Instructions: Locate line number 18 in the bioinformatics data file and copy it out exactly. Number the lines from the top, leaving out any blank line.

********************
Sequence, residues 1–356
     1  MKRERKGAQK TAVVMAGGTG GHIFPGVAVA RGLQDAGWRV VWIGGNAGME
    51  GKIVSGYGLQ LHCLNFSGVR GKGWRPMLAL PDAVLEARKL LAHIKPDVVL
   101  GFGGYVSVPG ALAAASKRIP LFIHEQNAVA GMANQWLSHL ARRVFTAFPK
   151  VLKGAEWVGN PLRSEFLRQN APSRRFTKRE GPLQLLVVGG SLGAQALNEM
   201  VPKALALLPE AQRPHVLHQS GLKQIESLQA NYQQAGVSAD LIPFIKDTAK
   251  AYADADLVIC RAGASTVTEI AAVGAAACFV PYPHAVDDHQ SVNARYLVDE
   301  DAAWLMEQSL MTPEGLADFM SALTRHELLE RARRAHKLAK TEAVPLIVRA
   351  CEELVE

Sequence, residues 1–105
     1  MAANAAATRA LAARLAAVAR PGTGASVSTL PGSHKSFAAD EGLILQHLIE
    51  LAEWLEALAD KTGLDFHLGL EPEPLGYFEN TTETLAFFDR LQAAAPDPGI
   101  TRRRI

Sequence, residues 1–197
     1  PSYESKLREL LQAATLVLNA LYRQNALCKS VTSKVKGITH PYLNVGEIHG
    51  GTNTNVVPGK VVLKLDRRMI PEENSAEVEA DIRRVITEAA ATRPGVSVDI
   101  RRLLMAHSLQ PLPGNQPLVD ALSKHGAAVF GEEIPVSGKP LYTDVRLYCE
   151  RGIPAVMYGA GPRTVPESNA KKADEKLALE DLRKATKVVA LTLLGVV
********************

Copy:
   151  RGIPAVMYGA GPRTVPESNA KKADEKLALE DLRKATKVVA LTLLGVV